Sedation for Gastrointestinal Endoscopy: Gastroenterologists Perspective


Minimal (anxiolysis)




Reaction to being addressed

Patient reacts appropriately to verbal commands

Somnolence, reaction to louder commands with additional tactile stimulation if necessary

Somnolence, hard to wake, purposeful response after repeated or painful stimulation

Patient cannot be woken, not even in response to pain stimuli

Spontaneous breathing

Not influenced


The ability to independently maintain ventilatory function may be impaired. Patients may require assistance in maintaining a patent airway. Spontaneous ventilation may be inadequate.

Inadequate, ITN or larynx mask necessary

Modified from the American Society of Anesthesiologists [9]

  1. 1.

    Diseases of the cardiovascular and respiratory system,


  2. 2.

    Stridor, snoring, sleep apnea syndrome


  3. 3.

    Complications on previous occasions when sedatives/analgesics, regional and/or general anesthesia were administered


  4. 4.

    Drug allergies, current medication, and possible drug interactions


  5. 5.

    Most recent meal: when and what was eaten


  6. 6.

    Tobacco, alcohol, drug consumption


Also a physical examination should be performed including vital signs and auscultation of heart and lung to indent potential cardio-respiratory problems that might occur during the procedure. A generally related classification is represented by the so-called ASA classification [9] (Table 28.2). Patients in ASA-class III or higher are known to have an increase risk due to sedation for gastrointestinal procedures. In addition, anatomical features are taken into account. A restricted mouth opening (classified according to the Mallampati score) might complicate the management of respiratory complications [13]. Such high risk patients are not suitable for sedation by trained nurses. In this situation one should consider to consult an anesthesiologist [13]. It is obligatory to provide appropriate emergency medicines and equipment such as defibrillator, equipment for airway management (bag-mask ventilation, endotracheal intubation) etc. [13]. Of course, should the endoscopy team also be familiar with the technique of cardiopulmonary resuscitation, refreshing it regularly as part of structured simulator courses [13].

Table 28.2
ASA classification

Grade I

Healthy individual

Grade II

Mild disease, not limiting daily activities

Grade III

Severe disease, limiting daily activities

Grade IV

Severe disease, life-threatening

Latest guidelines [1, 2] recommend a routine oxygen administration via a nasal cannula (for example with 2–3 l/min). This is based on the knowledge of the increased occurrence of hypoxemia, particularly at interventional or longer lasting procedures or in patients with high co-morbidity, pulmonary impairment or with circulatory depression (e.g., emergency cases). The administration of oxygen starting at least 2 min before the examination can significantly reduce the frequency of severe hypoxia during the endoscopic procedure [1]. If there is a pronounced hypercapnia, such as COPD, the oxygen supply must also be individually adjusted in order not to reduce the respiratory drive (by excessive O2 supplementation) [1]. The guideline of the American gastroenterologists [3] does not recommend routine prophylactic administration of oxygen. Reason is the feared delay the detection of hypoxia. However, the majority of anesthesiologists believe that the benefits of pre-oxygenation outweigh this disadvantage [1, 2].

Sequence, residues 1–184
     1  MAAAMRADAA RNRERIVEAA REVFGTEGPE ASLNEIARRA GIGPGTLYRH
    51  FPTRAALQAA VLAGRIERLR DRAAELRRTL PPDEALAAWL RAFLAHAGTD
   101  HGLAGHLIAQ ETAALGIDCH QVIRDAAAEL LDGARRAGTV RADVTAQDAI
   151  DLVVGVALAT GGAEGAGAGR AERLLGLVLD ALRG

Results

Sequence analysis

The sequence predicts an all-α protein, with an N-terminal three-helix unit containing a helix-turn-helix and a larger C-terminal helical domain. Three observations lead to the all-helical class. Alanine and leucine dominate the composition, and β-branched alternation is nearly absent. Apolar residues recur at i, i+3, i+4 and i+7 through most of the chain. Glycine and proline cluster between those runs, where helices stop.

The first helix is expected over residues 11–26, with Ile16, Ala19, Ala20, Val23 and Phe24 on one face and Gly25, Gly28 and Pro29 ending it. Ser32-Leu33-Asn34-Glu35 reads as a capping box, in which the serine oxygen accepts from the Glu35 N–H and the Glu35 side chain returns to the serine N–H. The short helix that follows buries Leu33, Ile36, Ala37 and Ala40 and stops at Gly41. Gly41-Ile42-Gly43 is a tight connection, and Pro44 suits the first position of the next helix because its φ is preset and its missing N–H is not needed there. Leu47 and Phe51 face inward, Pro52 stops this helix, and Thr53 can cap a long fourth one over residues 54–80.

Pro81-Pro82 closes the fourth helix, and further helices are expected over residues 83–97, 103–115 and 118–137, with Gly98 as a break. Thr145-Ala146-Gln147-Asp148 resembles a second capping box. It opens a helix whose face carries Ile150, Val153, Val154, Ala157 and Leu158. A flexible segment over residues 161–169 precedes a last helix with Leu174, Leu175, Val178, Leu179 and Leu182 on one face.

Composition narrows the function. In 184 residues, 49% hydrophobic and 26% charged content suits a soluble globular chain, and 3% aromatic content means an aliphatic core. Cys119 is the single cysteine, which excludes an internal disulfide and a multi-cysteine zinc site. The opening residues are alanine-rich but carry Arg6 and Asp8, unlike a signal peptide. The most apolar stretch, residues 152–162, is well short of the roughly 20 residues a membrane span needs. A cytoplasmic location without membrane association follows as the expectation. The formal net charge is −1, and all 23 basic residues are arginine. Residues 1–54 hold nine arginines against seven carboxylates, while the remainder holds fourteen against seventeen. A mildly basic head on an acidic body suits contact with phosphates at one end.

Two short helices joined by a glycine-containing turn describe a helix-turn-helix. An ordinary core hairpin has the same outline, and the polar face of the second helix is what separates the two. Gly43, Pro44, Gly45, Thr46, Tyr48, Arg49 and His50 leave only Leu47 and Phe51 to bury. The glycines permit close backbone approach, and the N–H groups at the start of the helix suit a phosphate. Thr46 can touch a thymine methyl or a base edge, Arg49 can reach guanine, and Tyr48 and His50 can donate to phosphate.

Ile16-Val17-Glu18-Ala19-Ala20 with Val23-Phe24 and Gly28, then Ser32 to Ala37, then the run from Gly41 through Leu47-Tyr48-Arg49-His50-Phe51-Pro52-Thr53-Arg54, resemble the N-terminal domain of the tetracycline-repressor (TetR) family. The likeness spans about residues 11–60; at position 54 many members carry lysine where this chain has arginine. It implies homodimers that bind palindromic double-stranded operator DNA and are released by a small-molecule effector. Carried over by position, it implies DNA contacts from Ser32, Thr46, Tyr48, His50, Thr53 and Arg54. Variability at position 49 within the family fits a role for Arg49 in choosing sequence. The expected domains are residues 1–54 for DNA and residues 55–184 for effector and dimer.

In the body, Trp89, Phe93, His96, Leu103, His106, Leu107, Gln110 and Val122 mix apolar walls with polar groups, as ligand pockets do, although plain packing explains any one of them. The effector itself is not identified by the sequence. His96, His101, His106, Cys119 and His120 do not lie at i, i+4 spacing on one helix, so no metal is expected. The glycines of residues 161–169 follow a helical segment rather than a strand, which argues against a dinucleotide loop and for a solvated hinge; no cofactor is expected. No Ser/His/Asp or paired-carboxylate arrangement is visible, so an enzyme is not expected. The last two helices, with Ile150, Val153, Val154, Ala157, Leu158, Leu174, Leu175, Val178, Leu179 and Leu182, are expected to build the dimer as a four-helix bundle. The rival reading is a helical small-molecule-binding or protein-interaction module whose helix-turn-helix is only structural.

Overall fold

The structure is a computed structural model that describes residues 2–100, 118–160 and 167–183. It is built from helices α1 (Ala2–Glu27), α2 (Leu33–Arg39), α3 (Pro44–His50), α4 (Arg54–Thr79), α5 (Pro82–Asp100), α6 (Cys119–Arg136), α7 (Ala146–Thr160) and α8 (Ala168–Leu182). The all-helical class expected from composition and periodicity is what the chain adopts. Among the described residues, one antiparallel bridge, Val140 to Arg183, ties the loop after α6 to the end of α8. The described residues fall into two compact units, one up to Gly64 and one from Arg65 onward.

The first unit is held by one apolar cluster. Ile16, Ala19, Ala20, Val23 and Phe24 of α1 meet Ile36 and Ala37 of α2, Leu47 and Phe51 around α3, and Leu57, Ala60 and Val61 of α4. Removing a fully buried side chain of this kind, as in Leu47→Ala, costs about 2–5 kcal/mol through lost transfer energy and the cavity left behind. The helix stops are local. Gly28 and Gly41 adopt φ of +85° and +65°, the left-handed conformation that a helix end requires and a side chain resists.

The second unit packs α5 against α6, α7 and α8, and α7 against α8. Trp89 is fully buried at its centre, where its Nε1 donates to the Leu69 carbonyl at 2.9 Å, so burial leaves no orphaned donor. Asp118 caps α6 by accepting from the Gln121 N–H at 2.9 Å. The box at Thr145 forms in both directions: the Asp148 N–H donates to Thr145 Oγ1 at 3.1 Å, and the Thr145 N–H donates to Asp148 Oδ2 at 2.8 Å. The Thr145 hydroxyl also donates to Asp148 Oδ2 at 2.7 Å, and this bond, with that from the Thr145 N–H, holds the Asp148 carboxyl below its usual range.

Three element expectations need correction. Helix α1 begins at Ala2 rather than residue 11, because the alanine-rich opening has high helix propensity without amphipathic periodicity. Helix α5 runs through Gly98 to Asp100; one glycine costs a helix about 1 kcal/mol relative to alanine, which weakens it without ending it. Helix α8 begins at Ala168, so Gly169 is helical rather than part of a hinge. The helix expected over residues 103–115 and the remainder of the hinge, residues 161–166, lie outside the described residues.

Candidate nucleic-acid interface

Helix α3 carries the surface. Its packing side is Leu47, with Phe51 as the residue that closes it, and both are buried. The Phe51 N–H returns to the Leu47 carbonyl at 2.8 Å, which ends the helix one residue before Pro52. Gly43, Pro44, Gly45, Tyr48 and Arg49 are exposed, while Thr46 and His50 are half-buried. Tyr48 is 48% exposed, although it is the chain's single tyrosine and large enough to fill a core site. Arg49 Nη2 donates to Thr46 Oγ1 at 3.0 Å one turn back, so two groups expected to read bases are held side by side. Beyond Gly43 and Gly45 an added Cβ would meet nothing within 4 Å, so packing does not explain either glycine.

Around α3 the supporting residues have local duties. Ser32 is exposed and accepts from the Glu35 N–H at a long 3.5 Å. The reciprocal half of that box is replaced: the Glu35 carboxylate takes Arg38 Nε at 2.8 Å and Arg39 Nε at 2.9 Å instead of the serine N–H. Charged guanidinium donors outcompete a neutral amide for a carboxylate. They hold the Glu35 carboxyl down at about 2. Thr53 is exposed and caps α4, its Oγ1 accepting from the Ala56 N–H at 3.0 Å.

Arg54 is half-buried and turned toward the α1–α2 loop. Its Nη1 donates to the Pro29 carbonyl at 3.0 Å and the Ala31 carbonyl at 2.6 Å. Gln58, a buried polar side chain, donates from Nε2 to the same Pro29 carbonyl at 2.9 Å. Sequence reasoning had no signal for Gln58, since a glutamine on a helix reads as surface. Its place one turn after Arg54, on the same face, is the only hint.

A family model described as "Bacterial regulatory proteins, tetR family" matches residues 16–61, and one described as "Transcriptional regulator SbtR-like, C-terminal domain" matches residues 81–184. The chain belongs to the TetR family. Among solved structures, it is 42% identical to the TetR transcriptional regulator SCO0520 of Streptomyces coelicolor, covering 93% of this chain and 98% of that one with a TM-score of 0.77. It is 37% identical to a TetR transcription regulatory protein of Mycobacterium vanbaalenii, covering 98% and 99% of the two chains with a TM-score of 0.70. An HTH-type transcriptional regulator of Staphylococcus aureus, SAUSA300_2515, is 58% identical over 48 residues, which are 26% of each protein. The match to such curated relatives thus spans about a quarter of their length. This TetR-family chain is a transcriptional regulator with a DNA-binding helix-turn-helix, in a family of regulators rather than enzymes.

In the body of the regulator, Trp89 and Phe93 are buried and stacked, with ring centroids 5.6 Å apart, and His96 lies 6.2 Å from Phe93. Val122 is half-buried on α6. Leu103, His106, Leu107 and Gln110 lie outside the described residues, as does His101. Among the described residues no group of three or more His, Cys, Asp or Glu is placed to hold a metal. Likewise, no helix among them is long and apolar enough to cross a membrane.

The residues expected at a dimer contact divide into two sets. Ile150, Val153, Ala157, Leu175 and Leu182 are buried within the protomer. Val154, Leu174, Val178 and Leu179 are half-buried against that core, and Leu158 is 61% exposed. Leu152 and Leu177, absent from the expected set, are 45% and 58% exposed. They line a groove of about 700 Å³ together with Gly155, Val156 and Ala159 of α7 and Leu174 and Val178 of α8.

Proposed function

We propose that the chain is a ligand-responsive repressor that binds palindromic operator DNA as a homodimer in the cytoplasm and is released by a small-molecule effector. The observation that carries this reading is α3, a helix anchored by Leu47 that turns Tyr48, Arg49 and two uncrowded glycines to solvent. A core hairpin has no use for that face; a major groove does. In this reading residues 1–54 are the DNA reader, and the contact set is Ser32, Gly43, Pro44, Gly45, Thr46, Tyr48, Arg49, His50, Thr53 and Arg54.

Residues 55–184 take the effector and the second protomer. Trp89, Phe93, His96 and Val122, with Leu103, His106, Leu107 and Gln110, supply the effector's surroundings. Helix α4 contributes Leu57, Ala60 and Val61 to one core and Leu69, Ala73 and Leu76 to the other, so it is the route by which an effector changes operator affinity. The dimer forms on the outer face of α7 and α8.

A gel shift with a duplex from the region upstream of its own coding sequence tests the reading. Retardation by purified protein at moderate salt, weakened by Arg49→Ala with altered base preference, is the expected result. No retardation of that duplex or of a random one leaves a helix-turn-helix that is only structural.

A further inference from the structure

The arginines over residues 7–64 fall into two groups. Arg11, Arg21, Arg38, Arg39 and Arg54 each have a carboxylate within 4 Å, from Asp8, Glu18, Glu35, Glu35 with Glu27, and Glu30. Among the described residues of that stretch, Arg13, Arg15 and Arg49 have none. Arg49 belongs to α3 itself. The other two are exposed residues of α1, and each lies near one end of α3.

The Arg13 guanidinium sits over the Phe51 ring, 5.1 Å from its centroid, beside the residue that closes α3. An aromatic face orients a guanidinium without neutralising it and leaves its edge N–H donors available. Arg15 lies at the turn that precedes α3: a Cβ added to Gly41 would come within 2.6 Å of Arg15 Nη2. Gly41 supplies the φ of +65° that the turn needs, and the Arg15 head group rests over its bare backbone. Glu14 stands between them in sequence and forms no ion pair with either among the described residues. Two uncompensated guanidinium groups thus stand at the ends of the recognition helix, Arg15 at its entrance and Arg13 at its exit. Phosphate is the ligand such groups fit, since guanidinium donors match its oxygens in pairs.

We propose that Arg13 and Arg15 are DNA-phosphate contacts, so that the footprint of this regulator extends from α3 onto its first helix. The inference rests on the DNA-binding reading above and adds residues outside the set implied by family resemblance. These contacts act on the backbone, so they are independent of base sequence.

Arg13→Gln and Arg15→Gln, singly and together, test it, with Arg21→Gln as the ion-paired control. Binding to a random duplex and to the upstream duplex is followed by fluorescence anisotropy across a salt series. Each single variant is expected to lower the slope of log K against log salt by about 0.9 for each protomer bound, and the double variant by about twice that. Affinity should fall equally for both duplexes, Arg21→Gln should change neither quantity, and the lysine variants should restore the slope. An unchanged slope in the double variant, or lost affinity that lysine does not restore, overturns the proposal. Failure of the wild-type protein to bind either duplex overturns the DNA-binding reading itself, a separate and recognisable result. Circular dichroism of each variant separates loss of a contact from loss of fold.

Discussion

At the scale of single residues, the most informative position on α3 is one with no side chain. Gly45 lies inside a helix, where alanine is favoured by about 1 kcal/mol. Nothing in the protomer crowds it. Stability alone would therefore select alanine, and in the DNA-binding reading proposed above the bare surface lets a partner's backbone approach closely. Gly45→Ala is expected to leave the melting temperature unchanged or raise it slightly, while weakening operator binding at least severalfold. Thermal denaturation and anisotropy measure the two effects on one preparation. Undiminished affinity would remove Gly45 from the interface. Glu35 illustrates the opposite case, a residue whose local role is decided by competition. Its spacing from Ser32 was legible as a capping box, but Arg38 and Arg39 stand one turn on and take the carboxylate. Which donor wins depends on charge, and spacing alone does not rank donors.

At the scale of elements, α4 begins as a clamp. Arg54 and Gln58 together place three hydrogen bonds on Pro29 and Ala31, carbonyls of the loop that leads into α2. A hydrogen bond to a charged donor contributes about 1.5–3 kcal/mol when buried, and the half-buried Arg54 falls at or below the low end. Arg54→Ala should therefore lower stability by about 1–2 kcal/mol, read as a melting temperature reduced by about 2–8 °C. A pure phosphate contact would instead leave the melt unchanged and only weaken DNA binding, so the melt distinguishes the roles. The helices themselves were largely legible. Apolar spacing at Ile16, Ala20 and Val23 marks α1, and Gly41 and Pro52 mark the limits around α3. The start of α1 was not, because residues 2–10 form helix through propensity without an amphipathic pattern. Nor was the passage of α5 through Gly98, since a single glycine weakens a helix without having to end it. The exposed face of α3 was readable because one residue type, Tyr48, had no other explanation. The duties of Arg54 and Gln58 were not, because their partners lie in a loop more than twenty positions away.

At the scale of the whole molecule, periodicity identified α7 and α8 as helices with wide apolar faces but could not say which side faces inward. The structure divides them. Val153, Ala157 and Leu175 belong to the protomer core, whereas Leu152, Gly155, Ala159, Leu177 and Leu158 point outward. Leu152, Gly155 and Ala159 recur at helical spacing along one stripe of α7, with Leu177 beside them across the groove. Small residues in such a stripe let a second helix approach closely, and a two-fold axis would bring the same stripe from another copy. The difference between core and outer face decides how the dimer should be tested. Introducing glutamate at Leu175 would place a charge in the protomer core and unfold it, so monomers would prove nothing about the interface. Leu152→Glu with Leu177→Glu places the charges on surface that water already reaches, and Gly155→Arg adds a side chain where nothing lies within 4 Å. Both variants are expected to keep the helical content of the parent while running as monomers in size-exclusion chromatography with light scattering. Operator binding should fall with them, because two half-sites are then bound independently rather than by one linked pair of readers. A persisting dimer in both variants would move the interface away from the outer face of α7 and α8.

Intra-endoscopic Monitoring

Since the transitions between the various stages of sedation (Table 28.3) are fluid, an appropriate patient monitoring is required for all patients by an independent appropriately trained person not involved in the endoscopic procedure [13]. The person in charge of monitoring clinically checks breathing by observation, palpation of thorax and abdominal wall movement, and possibly palpation of expiratory airstream.

Table 28.3
Guideline recommendations for sedation with propofol

Guideline, year

NAPS allowed

Limitations for NAPS

Indication for MAC

SAGES, 2009




ASGE, 2008

Yes (monitored by the doctor)


ASA ≥ III, Emergency and complex procedures, in cases of airway difficulties

AGA, 2007



ASA > III, high-risk patients, complex procedures

GSDMD, 2009


ASA > II, complex procedures, in cases of airway difficulties

ASA ≥ III and complex procedures or cases of airway difficulties

CAG, 2008



ASA ≥ III, complex procedures, in cases of airway difficulties

ASGH, 2007




SSGE, 2006


Complex procedures

ASA ≥ III and deep sedation. Expected difficult airway management

SAGES Society of American Gastrointestinal and Endoscopic Surgeons, ASGE American Society of Gastrointestinal Endoscopy, AGA American Gastroenterological Association, GSDMD German Society for Digestive and Metabolic Diseases, CAG Canadian Association of Gastroenterology, ASGH Austrian Society of Gastroenterology and Hepatology, SSGE Spanish Society of Gastrointestinal Endoscopy, NAPS Nurse administered propofol sedation, ASA American Society of Anesthesiologists, MAC Monitored anesthesia care